OAKLAND -- Veteran right-hander Tim Lincecum strode into the visitors clubhouse at the Coliseum on Friday afternoon donning a white backwards baseball cap and a smile, joining his new Angels teammates after spending the spring without a baseball home and enduring a lengthy rehab process from hip surgery.It wasn't long
OAKLAND -- Veteran right-hander Tim Lincecum strode into the visitors clubhouse at the Coliseum on Friday afternoon donning a white backwards baseball cap and a smile, joining his new Angels teammates after spending the spring without a baseball home and enduring a lengthy rehab process from hip surgery.
It wasn't long before the former Giants star was wearing Angels red, which looked odd at first glance. But the righty acknowledged he's returning to a familiar role in a somewhat familiar place on Saturday when he makes his debut against the A's. As far as a new league and a new team? He'll get used to that, too.
"I think there's a lot of comfort in that," Lincecum said. "I know I'm going to have a lot of people here who support me in the Bay Area. So I'll be lucky in that regard."
"I know there's going to be some emotions he's going to deal with," manager Mike Scioscia said. "I think it'll be excitement more than anything. I think he's very confident that his stuff is at a level that he can go out there and compete."
Lincecum, 32, hasn't started in the Majors since last June and underwent hip surgery in September. He rehabbed throughout the winter, threw a showcase for more than 20 teams in Arizona in early May and signed a one-year, $2.5 million deal last month with the Angels -- an ideal landing spot for the West Coast native seeking a starting role.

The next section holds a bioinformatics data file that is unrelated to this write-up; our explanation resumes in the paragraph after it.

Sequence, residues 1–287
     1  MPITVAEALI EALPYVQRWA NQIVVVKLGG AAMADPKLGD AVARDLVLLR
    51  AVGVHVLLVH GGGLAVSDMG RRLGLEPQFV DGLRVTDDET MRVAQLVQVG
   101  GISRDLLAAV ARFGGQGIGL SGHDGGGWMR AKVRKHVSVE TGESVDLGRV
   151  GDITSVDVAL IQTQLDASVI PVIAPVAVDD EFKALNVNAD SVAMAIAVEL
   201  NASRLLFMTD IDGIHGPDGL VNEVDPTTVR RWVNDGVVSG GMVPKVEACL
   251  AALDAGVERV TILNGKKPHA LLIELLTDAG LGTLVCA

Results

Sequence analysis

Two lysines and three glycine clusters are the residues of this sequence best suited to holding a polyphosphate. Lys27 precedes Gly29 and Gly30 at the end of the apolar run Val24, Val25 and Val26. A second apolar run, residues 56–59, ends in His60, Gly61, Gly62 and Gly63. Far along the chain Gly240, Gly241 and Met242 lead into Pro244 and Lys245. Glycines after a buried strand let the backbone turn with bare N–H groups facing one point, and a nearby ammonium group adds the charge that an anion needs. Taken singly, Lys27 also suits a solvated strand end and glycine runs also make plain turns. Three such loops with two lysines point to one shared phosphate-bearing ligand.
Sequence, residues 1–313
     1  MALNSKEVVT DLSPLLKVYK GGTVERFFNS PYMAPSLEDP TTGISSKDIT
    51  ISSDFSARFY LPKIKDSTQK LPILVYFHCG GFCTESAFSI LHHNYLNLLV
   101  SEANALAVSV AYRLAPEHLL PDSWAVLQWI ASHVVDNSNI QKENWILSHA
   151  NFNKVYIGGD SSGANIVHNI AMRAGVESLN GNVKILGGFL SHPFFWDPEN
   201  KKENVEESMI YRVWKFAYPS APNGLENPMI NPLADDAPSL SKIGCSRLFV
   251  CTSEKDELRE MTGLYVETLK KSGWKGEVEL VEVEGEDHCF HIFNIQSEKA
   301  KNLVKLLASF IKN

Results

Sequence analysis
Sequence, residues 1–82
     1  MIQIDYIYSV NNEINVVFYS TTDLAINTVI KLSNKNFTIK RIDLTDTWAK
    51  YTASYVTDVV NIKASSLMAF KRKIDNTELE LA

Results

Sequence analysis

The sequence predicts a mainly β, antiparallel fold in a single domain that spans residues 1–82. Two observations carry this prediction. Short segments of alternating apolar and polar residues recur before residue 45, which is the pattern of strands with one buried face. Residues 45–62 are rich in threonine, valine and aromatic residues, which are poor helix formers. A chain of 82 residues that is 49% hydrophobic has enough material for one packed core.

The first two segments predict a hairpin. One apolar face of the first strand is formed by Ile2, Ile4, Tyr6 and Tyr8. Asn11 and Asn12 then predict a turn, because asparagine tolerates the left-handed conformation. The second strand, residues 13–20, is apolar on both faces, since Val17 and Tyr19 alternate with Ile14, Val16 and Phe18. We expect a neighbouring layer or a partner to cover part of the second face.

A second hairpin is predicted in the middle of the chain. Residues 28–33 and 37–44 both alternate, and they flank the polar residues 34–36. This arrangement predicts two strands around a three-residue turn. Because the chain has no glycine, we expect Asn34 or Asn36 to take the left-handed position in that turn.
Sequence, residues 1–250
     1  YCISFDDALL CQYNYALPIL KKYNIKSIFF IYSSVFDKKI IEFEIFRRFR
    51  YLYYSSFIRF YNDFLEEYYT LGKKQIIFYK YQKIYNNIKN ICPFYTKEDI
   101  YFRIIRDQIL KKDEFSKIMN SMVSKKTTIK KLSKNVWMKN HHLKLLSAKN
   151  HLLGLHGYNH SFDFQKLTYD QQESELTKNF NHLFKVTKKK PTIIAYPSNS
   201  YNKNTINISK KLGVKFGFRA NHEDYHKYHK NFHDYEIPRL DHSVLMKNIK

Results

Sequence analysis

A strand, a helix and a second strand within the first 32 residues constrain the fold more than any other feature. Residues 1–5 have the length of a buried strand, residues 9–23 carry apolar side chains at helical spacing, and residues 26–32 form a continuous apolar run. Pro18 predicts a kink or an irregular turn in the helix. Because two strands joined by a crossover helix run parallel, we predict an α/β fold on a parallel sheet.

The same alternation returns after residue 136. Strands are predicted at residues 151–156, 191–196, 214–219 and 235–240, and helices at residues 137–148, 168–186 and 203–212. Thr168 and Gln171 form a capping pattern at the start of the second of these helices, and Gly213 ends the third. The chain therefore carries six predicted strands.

"It definitely does feel like it's been a long time," Lincecum said. "It was harder, especially when Spring Training started and I wasn't with a team. Watching guys play kind of pushed the envelope a little more for me to get ready."
The righty posted a 2.65 ERA in three rehab starts with Triple-A Salt Lake, including a one-hit shutout over seven innings on Sunday. His mantra was one of confidence, especially following his final rehab start. He said he was initially "apprehensive" after surgery, but he has more range in his left hip than he did before the injury and can use his offspeed pitches, including his signature changeup, in any situation.
Lincecum also found it helpful to work on situational pitching in the Minors. He's trusting his fastball, even if he doesn't have the same velocity he displayed when he won two National League Cy Young Awards with the Giants.
"I'm not going to be the guy throwing 93, 94, 95 [mph] anymore," he said. "I have to spot my fastball and trust the movement. I think that's where I'm at, trusting I can get outs with 88-92."
Lincecum isn't on a pitch-count limit Saturday. The righty met with Scioscia upon arriving and then joined a team meeting. He said he doesn't know many of his teammates, but fellow starting pitcher Jered Weaver texted him prior to his arrival to welcome him, which "knocked the first door open."
"It was really big," Lincecum said of Weaver's gesture. "Obviously I didn't know too many people coming over to the Angels. For a guy who has been a staple of an organization for so long to reach out to a guy like me is big. From what I understand, he's a good dude, and I just want to get to know these guys a lot better. That will come in time."
Mark Chiarelli is a reporter for MLB.com based in Oakland.